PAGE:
Anonymous reported via Twitter that it had launched the attack on the web site yesterday due to the "draconian surveillance proposals."
in the United Kingdom are pushing for a law to allow the police to monitor telephone calls, text messages and emails of British citizens. They want to further monitor Twitter and Facebook posts, web sites visited and even online chat. It is estimated that this extreme surveillance would cost more than $3 billion in the first decade alone, and that the British taxpayer would be the one to fork out the price of being spied upon, should the bill be passed into law.
The draconian bill is allegedly aimed at tracking potential criminals and terrorists in order to protect British citizens. However, the Information Commissioner's office, which is an independent watchdog fighting for the citizen's information rights, says that once implemented the bill could lead to the arrest of innocents, wrongly identified as terrorists or criminals.
The Home Office confirmed the attack, saying: "We are aware of some reports that the Home Office website may be the subject of an online protest. We have put all potential measures in place and will be monitoring the situation very closely."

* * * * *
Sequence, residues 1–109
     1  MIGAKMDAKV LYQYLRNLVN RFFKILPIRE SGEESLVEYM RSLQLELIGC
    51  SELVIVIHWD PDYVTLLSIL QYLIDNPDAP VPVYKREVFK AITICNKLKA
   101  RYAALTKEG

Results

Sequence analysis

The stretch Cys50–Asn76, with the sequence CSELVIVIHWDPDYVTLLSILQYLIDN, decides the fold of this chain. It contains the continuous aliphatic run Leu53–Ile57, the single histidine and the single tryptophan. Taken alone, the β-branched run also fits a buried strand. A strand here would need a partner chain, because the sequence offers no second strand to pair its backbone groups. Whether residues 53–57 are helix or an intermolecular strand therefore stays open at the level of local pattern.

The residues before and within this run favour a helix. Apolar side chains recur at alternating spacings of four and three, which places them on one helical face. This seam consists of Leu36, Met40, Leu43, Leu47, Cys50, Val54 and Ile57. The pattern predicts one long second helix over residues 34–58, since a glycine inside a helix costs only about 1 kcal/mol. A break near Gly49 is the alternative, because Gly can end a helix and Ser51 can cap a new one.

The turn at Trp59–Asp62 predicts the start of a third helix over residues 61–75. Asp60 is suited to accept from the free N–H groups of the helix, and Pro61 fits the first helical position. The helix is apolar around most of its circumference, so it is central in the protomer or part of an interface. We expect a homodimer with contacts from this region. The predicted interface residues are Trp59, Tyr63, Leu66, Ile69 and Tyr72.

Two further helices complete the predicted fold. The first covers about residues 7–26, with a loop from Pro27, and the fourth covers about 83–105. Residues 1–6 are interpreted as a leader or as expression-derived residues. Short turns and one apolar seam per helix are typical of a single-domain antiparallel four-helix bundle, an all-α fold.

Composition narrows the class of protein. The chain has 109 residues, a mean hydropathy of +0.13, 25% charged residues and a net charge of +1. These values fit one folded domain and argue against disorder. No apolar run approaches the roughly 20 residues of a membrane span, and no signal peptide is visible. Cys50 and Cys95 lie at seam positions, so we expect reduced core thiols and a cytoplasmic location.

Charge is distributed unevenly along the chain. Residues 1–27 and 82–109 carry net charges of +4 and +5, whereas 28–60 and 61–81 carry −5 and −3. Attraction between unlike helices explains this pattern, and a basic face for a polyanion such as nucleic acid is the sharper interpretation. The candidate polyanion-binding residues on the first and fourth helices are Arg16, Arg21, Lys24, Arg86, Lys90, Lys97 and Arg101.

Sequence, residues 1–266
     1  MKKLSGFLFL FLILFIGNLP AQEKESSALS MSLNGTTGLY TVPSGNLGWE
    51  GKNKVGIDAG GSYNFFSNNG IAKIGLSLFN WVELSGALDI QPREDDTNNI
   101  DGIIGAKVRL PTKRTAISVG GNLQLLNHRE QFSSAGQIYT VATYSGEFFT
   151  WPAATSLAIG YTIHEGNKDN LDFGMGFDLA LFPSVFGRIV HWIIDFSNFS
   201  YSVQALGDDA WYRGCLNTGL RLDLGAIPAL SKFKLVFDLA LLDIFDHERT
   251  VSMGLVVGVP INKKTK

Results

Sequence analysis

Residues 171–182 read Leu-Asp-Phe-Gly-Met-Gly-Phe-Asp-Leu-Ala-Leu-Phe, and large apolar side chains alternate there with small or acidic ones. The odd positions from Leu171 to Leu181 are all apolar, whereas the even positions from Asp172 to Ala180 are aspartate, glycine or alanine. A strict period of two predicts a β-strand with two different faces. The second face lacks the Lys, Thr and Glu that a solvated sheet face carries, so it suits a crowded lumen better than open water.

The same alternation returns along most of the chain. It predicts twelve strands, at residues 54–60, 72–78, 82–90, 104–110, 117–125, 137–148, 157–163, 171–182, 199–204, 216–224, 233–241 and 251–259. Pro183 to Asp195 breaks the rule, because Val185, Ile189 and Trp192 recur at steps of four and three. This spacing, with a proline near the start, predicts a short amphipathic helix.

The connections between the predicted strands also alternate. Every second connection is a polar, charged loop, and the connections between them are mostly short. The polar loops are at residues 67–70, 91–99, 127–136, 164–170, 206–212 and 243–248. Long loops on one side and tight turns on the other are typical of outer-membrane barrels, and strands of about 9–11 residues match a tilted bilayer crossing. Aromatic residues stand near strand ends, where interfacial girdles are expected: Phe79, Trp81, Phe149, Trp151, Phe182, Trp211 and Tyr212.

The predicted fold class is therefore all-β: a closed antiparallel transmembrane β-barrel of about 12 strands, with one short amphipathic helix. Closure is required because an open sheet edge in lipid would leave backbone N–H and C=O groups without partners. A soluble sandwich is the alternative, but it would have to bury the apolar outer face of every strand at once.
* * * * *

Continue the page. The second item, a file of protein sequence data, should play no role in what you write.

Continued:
The web site returned to normal at around midnight GMT last night.
also stated that they had launched a cyberattack on the websites of the UK Ministry of Justice and the British Prime Minister “for continued derogation of civil liberties," but both these websites appear to be operating normally at this stage.
Anonymous is becoming increasingly associated with international "hacktivism" for their high-profile cyberattacks and online protests, having attacked scores of political and government web sites including the CIA, FBI, White House and even China's
government web sites.
have warned via Twitter messages: "EXPECT a DDOS (Distributed Denial of Service) every Saturday on the UK Government sites."